Do you know the best ways to manage your bundle size?

Last updated by Harry Ross [SSW] 10 months ago.See history

Shipping a large JavaScript bundle can be catastrophic for your web app - resulting in longer load times and a poor user experience using a web app. It is very easy for this to be the case when using a web framework such as React or Angular, as adding packages to an already large amount of framework code can result in a bloated JavaScript bundle.

Despite the efforts made by tools like Webpack, Rollup or Vite to optimize your JavaScript bundle, these may not be sufficient if your project has an excessive number of NPM packages. Each package introduces additional code to your bundle, and unnecessary or redundant packages can quickly inflate its size. Identifying and eliminating such packages can help keep your bundle lean and efficient. Here are some tools that can help with this process:


Depcheck is a great CLI tool that scans your project to automatically detect unused dependencies in a project, giving you a clear and concise list of unused packages in a repository.

npx depcheck

Figure: A list of the unused dependencies in a project

Note: It is important to be mindful when using this tool of packages that are still in use in the project, either in the build steps or otherwise (e.g. tailwindcss in the example above is not explicitly imported in the project, but is still used behind the scenes).


Bundlephobia is a great tool for quickly seeing the bundle size of NPM packages. You can find the bundle size of any NPM package by going to the URL:{{ PACKAGENAMEHERE }}.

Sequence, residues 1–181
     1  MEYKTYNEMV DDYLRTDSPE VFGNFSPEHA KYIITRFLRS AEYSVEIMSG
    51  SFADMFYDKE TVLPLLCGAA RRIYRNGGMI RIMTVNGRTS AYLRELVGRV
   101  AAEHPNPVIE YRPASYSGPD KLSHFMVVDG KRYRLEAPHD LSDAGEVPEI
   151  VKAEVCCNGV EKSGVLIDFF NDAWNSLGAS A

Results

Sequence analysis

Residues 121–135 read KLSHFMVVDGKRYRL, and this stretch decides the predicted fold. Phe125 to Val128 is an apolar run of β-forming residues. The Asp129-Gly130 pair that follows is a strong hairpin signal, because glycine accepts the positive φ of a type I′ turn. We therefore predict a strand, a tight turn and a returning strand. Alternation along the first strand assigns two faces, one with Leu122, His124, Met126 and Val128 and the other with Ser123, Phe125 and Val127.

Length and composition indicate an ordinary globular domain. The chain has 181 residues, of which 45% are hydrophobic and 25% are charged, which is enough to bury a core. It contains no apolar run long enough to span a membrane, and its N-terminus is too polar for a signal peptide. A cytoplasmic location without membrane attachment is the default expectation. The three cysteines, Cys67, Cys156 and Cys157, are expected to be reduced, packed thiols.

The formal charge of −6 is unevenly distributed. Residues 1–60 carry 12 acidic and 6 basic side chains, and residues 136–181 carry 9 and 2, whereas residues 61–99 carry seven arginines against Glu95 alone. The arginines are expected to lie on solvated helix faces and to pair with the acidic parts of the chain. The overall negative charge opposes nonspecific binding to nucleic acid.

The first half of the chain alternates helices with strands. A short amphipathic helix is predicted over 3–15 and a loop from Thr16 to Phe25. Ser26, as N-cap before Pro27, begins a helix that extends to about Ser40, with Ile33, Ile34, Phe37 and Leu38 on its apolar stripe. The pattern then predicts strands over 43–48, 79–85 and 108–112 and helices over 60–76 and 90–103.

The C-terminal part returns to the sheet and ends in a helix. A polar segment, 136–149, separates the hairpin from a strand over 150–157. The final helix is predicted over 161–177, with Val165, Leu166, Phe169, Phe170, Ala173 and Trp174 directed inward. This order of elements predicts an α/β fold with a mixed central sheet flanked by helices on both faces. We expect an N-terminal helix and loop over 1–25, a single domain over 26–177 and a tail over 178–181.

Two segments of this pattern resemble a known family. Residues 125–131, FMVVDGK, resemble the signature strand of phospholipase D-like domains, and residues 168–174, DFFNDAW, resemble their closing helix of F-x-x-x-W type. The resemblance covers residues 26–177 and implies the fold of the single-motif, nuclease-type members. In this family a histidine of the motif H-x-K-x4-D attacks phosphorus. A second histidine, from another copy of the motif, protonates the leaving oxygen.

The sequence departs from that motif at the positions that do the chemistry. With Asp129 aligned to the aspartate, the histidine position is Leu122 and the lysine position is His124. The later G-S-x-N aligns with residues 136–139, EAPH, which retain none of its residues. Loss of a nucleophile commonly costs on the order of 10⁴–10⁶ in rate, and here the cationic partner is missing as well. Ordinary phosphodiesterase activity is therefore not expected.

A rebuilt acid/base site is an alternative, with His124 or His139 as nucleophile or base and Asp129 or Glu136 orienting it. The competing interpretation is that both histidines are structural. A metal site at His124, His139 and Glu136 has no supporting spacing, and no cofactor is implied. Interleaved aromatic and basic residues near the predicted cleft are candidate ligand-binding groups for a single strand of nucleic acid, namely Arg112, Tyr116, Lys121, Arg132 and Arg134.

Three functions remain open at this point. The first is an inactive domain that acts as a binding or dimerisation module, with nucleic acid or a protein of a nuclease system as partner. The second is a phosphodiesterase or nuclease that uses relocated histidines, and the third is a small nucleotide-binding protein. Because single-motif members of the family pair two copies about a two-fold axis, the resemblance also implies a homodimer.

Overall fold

You can also upload a package.json file to display a list of packages in your project, allowing you to easily see which NPM packages have the largest size in the project. You can find it at

bundlephobia list
Figure: The list of packages from the package.json file, sorted by size

Note: It is important to understand that not all of the packages in your package.json file are shipped to the client, this is primarily a tool used to assess specific client-side packages that you suspect may have a large bundle size (for example, some packages may only be used by the server or within the build steps of the project i.e. typescript or tailwindcss).

Import Cost VSCode Extension

The Import Cost extension for VSCode, developed by Wix shows the size of each NPM package you import, which can provide useful visual feedback on how large the packages you importing actually are. You search the extension on the Visual Studio Code Extension Marketplace at Import Cost.

import cost
Figure: The extension in action - shows you how large each package is, as you import it

Webpack Bundle Analyzer

If your JavaScript project is using Webpack (most React/NextJS projects will be), you can use the NPM package webpack-bundle-analyzer to easily visualise the size of the NPM dependencies contained in the client bundle.

If you are using NextJS, it is advised to use Next's custom implementation of the package - @next/bundle-analyzer.

webpack bundle analyzer
Figure: The bundle map for the NextJS SSW Website

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